Dunn called recent press reports regarding friction between HP&'s board and Fiorina as “coincidental,” adding that the board had been deliberating on the matter for several weeks and that the decision was reached Tuesday.

“We&'re looking to accelerate the growth of the company, and we think that requires hands-on execution,” Dunn added. “The board has been deliberating on company performance and CEO performance for quite some time. The timing of the announcement was due to a decision being reached, and not because a decision was made quickly.”

A former HP employee, who requested anonymity, believes Fiorina&'s exit is good news for everyone -- customers, employees, investors and business partners.

“My only question is, what took so long?” the source tells VARBusiness. “The Compaq merger has been a disaster for shareholders. If you talk to customers and employees, they&'ll tell you the place is broken, so I&'m thrilled they&'re finally making a change at the top.”

As for a potential breakup of HP, Wayman dismissed the idea.

“We continue to believe we have the right ingredients for success in the marketplace,” he said. “We have a unique portfolio, one that is stronger together than apart.”

Wayman added that HP would pursue a new chief executive candidate who supported the current strategy of keeping the company together and would help the company execute better. He also said there would be no change in HP&'s channel strategy or any kind of shift between direct sales and channel sales.

Some solution providers believe Fiorina&'s dismissal will be a positive development for HP partners. John Freres, CEO of Meridian IT Solutions of Schaumburg, Ill., says the CEO change at HP is “a milestone” and adds that he hopes the company “recognizes what its core strengths are, like the channel and the SMB market. Hopefully this will make HP recognize the channel partners are who helped to make it strong.”

Still, some HP partners are wondering what a new CEO can do if HP continues with its current strategy of keeping the entire portfolio under one roof.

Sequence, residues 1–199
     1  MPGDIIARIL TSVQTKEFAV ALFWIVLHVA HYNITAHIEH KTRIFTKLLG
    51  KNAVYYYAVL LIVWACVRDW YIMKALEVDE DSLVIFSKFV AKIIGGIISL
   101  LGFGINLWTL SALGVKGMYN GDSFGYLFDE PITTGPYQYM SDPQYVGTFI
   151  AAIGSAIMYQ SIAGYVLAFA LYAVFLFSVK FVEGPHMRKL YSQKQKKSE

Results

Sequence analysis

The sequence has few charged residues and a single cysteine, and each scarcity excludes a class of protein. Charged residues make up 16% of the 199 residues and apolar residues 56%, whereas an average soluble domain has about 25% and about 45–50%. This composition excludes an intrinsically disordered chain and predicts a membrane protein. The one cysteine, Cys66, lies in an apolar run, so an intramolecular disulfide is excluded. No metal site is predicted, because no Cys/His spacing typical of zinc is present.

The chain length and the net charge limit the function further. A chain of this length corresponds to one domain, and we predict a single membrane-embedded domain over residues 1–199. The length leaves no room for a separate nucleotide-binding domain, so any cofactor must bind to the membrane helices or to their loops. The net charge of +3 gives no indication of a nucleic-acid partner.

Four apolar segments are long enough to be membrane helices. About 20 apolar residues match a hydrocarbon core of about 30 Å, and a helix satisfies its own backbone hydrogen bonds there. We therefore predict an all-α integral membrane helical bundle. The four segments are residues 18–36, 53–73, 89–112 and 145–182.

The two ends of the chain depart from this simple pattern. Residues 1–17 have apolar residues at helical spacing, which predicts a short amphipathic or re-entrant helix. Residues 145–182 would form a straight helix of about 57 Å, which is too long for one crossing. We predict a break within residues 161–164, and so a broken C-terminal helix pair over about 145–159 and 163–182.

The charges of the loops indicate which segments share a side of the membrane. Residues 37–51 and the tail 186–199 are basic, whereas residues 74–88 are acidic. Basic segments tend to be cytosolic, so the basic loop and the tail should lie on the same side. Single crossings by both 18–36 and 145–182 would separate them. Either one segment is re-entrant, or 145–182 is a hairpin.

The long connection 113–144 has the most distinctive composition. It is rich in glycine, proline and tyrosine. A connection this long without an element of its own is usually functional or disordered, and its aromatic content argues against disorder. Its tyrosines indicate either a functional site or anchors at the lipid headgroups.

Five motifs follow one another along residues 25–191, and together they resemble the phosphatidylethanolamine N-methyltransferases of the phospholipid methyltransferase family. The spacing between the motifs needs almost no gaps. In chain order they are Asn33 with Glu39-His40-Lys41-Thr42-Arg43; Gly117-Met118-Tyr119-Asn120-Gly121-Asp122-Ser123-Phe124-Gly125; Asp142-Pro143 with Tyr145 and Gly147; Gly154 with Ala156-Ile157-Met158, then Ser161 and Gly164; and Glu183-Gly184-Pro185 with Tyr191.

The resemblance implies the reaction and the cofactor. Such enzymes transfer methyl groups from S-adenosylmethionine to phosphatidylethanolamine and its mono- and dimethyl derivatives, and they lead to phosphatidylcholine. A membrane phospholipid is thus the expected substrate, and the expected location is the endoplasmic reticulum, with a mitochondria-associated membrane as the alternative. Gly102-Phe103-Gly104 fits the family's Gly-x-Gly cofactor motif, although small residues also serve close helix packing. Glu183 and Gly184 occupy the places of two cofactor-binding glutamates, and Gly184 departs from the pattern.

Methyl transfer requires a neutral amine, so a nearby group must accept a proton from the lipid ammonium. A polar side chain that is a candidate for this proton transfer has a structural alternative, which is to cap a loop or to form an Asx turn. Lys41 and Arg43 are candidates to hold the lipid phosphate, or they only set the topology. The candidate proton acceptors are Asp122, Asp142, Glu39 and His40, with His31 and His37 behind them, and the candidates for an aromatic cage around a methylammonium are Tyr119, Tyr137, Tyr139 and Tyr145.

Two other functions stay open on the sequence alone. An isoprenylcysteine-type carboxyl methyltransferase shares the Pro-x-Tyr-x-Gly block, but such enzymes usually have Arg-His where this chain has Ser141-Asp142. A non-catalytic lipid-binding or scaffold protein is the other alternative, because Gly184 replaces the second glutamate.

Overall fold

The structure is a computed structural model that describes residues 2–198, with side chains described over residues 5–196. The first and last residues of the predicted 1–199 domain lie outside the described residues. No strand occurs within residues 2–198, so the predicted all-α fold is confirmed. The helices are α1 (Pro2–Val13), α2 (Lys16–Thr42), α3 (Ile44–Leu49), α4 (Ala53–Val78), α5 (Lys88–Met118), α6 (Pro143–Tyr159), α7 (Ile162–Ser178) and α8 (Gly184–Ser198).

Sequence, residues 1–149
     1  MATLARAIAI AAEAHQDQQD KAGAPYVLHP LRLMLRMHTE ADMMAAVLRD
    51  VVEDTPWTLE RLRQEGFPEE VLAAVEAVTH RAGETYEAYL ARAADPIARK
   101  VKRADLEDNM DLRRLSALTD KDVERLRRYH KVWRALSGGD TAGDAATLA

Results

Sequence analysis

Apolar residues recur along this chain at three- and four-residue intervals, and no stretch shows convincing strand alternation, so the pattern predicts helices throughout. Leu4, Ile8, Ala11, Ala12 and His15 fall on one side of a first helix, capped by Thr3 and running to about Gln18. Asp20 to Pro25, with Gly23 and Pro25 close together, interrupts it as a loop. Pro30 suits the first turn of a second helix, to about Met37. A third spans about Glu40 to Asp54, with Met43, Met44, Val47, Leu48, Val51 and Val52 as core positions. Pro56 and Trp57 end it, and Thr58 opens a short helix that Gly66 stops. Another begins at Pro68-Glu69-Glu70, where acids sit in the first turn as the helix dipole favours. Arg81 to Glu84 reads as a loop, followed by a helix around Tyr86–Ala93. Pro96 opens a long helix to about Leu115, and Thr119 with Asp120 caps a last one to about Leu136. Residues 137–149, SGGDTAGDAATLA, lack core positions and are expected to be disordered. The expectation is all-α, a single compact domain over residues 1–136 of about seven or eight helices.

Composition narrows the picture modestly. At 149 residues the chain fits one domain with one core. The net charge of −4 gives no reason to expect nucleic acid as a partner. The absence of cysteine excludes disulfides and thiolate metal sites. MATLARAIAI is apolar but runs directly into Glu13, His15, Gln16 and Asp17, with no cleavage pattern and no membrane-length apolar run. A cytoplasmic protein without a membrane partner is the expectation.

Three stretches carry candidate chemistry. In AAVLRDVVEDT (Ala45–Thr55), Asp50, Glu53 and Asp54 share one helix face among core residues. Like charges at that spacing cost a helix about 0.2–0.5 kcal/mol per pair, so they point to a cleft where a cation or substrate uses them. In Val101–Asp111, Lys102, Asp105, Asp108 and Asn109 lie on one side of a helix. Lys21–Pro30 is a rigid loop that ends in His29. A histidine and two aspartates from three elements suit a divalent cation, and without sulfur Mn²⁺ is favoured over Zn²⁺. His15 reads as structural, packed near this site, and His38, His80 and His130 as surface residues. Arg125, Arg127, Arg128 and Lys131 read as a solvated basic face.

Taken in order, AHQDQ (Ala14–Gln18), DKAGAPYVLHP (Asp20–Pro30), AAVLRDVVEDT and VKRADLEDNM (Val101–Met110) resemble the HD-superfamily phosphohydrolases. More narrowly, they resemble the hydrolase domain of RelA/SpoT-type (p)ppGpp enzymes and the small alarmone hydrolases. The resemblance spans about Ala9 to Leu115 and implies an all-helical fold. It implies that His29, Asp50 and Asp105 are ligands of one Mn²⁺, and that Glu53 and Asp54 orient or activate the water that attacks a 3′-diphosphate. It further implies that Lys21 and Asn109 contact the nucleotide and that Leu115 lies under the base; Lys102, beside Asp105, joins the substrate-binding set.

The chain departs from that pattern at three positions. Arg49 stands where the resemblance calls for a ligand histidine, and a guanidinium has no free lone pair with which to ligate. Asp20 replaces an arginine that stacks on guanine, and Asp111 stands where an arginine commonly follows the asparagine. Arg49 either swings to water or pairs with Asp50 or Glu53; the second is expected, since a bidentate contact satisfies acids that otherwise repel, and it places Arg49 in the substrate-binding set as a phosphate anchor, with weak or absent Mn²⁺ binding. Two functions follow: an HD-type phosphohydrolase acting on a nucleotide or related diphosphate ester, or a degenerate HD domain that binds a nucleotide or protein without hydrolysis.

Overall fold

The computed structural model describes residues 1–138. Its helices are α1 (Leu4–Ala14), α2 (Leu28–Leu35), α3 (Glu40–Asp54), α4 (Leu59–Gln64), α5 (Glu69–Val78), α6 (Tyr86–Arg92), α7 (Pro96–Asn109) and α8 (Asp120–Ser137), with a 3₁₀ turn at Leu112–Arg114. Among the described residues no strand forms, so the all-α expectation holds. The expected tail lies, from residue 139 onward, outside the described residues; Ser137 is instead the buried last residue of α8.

“It&'s no surprise that they fired [Fiorina],” says John Marks, CEO of JDM Infrastructure in Rosemont, Ill. “The question is, what do they do now? The merger went better than anyone could have expected, but that doesn&'t change the fact that it was a bad idea. If that&'s the problem, then getting rid of the CEO and bringing in someone new to execute better may not matter.”

Fiorina may not have been the only HP employee dismissed from the company. Several partners say they have noticed a number of HP sales managers and representatives were fired by the company this week; one solution provider puts the number of employees recently laid off by HP at 2,000. Such actions suggest there could be much more going on at HP than just a CEO change.

So far, Wall Street has reacted favorably to the news of Fiorina&'s departure. HP&'s stock rose more than 6 percent early Wednesday to $21.38 at press time. A Merrill Lynch report issued this morning authored by analysts Steve Milunovich and Richard Farmer stated that a new CEO could be a catalyst to improve HP&'s share price. In addition, the report states that Merrill Lynch “believes the long-term probability of a breakup of the company is rising, despite indications from the board that no such move is currently planned.”

HP said it still plans to report its first quarter financial results on Feb. 1 after the market close. The company said it expects results to be in line with consensus analyst expectations. The company's annual shareowner meeting will be held in Chicago on March 16.